Reducing carbon dioxide emissions, water protection, and using energy more efficiently are key targets of Kotkamills' strategy. In 2020, significant investments were made to improve the mill's energy efficiency. The aim is to complete the big project to reduce the wastewater treatment plant's load and the mill's carbon dioxide emissions by August 2021. Investment projects stretching also into 2022 have been launched. The most significant investments and measures in 2020-2021 have targeted the maintenance and efficiency-Improvements of the Kotkamills paper machine that was commissioned back in the 1950s, as well as the pulp mill modernization projects. In 2020 the old drum washing line of the pulp production was decommissioned and the remaining washers were modernized. This improved the washing line's efficiency, increased the usability, and improved the quality of the pulp produced as well as the energy efficiency. As a result of the modification, the pulp mill's overall electricity consumption dropped by about 10 percent. The project will continue with a significant replacement investment aiming to increase the paper machine's capacity by upgrading the cooking lines end equipment and thus enabling the needed pulp production.
The Spanish private research organisation CARTIF has completed the first assessment focusing on the environmental and social performance of Metsä Group’s Kuura textile fibre. Kuura is still in a R&D phase and the production process to make it is currently being tested and further developed at a tonne per day demo plant in Äänekoski, Finland.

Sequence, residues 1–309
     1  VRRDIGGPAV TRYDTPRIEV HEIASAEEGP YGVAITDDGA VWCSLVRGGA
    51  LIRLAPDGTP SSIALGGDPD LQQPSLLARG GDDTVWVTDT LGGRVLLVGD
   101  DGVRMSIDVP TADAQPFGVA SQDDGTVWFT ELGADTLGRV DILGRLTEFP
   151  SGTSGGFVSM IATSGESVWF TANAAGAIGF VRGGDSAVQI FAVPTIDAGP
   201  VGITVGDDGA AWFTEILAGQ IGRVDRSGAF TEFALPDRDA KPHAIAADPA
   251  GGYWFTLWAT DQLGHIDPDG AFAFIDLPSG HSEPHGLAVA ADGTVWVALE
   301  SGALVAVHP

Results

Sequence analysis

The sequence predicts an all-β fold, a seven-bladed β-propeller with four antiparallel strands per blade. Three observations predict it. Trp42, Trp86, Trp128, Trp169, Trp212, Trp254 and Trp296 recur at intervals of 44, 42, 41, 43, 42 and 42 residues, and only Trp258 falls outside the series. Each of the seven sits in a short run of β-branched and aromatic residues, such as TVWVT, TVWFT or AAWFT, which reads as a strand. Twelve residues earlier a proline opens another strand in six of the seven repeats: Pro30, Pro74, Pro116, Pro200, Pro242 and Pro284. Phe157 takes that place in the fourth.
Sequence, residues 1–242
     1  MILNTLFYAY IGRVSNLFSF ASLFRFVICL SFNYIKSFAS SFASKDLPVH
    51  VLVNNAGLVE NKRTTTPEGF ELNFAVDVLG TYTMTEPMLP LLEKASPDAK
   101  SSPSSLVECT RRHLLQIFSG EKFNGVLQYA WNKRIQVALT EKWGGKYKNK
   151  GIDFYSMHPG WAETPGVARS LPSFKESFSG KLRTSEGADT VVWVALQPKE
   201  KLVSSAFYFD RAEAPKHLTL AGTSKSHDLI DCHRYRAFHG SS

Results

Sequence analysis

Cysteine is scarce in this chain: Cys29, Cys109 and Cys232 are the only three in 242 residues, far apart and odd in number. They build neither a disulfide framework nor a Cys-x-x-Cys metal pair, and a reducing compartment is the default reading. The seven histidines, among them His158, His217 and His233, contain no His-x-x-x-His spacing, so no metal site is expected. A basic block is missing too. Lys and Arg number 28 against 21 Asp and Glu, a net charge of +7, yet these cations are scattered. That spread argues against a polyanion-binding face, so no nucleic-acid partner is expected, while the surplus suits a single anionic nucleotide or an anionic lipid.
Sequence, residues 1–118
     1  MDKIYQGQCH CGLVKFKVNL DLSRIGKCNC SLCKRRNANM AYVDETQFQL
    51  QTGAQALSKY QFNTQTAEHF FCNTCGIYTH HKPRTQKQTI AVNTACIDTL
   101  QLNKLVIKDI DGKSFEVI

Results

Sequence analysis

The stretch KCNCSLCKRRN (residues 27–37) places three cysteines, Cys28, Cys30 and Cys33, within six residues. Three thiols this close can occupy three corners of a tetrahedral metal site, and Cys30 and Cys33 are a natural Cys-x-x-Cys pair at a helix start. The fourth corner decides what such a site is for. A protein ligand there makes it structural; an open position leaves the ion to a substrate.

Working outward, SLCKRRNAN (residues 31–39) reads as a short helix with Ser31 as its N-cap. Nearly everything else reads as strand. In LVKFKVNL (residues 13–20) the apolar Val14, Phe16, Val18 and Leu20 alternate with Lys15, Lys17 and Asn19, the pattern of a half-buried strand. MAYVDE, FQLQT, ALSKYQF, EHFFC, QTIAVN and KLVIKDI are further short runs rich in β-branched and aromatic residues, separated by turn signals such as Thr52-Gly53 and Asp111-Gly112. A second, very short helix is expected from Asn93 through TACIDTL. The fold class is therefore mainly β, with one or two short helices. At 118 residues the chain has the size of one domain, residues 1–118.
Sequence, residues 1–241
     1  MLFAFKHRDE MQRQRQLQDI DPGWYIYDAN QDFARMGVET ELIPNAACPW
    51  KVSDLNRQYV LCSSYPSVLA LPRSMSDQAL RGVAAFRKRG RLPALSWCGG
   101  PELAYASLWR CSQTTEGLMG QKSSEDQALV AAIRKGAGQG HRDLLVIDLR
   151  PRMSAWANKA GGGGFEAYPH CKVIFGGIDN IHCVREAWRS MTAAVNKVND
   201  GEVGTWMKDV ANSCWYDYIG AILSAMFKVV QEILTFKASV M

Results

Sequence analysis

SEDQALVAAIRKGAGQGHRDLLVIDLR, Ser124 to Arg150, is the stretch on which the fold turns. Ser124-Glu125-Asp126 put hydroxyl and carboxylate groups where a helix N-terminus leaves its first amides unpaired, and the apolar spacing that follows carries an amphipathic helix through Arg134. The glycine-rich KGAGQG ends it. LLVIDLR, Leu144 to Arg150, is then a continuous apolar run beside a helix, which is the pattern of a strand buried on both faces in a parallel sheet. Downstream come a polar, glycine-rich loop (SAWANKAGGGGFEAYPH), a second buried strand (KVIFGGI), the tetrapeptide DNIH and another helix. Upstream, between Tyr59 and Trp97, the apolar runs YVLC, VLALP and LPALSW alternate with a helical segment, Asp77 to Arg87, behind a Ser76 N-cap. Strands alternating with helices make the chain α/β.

The outcome of the assessment conducted by CARTIF is very good for Kuura. In regard to environmental performance, when comparing to other commercial man-made cellulosic fibres (viscose and lyocell), and to cotton, Kuura shows the lowest impact on climate change, supporting its viability as a sustainable solution in the market of textile fibres (see Figure 1). More specifically, the use of local, sustainably managed wood raw material combined with the use of fully fossil free energy obtained from the existing industrial mill site and with a novel process for the production of Kuura textile fibre result in a product with a clear climate change mitigation potential compared to the use of existing commercial textile fibres.
The social aspects of producing Kuura textile fibre were also evaluated by CARTIF as they form one of the three pillars of sustainability. The results of the social impact assessment are very positive for Kuura, as can be seen in Figure 2. In other words, this kind of industrial production, in the way outlined by Metsä Group, would get the highest score in all impact categories included in the assessment.
“Using Life Cycle Thinking already in the process design phase is a smart way of keeping sustainability aspects in the spotlight from the beginning. It is encouraging to see this commitment to sustainable development in big industrial players like Metsä Group”, says Fernando Burgoa, LCA Specialist at CARTIF.
“Our manufacturing concept is based on locally-sourced wood that comes from forests owned and managed mainly by our cooperative owner-members, the use of never-dried paper-grade pulp as the raw material, and a comprehensive integration to a fossil free bioproduct mill. Our own early estimate told us that the Kuura concept must be competitive in both environmental and social sustainability. Having now the proper LCA results to support this estimate gives us confidence that we are on the right track”, says Niklas von Weymarn, CEO of Metsä Group’s innovation company Metsä Spring.
CARTIF is a horizontal, private and non-profit research institution, whose main mission is providing innovative solutions to the industry to enhance their processes, systems and products, improving their competitiveness and creating new business opportunities.